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Christian Weems Weighs In On Changing Perception of Domestic Violence
Statistics indicate more Americans are aware of domestic violence today than at any other time in the past. Christian Weems comments on this finding.
By: PR Newswire
Jan. 1, 2013 06:00 AM
CHANDLER, Ariz., Jan. 1, 2013 /PRNewswire-iReach/ -- A Huffington Post write-up shed light on an apparent shift in attitudes towards domestic violence. Awareness of this issue is clearly on the rise. An advocate for domestic violence victims, Christian Weems, took note of the information.
The article shared statistics compiled by San Francisco polling firm Tulchin Research. Respondents were randomly selected from a pool of 900 English or Spanish speaking adults with access to either a landline or a mobile phone. The Blue Shield of California Foundation funded the research survey.
According to the data collected, the majority of those polled indicated anyone can experience instances of domestic violence. Strikingly, 66 percent of respondents reported a personal connection to a friend or family member who has experienced domestic abuse in some form.
As a resident of Chandler, Arizona, Christian Weems has had the opportunity to serve on the city's innovative domestic violence committee. She commented on the newly reported statistics: "This new survey marks a significant shift in the perception of domestic violence. Society used to think that this type of violence did not happen to people they know. The fact is victims come in every age, and from every race. The more we embrace this reality, the better prepared we are to help victims move past this form of abuse and on to better, brighter futures."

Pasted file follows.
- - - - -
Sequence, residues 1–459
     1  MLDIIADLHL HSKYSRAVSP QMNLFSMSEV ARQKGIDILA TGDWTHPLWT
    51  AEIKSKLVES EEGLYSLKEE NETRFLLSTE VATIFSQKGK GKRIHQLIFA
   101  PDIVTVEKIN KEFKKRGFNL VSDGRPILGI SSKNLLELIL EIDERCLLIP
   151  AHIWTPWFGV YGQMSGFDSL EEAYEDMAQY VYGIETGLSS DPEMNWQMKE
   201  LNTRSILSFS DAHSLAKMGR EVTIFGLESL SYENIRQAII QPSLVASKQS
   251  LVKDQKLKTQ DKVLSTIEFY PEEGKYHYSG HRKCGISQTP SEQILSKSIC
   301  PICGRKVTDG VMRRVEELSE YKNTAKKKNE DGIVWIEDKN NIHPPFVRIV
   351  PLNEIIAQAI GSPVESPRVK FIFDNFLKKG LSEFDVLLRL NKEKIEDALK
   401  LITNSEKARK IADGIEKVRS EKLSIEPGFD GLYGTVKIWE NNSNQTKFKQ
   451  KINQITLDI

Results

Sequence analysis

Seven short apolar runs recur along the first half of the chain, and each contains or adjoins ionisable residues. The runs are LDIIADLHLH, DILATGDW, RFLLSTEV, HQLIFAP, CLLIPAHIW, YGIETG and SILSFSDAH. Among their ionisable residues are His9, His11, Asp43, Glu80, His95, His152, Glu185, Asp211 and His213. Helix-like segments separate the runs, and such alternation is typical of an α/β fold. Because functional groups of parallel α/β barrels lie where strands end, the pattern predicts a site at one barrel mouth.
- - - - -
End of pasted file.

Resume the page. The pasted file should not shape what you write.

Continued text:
The recently reported numbers are further evidence of an increasing amount of domestic violence awareness within the state. The article noted similar survey of California citizens conducted in 1994 indicated only 32 percent knew women who experienced domestic violence.
The piece went on to share a 2000 poll of Americans indicated 51 percent of individuals suspected a loved one was in an abusive relationship. By 2007, that rate had moved up to 56 percent.
The article also took note of attitudes towards the prevention of domestic violence. Most respondents agreed appropriate behavior for relationships should be taught as early as middle school and no later than high school. An age appropriate way to reach the younger subsets is to open up discussions of the general ways in which individuals should treat one another.
Discussions of dating abuse could very well enhance domestic violence prevention efforts. According to the National Coalition Against Domestic Violence, the article noted individuals between the ages of 16 and 24 are at the highest risk to experience domestic violence.
Media Contact: Carol Blankenship Mark-PR.com, (678) 685-8304, firstname.lastname@example.org
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SOURCE Christian Weems
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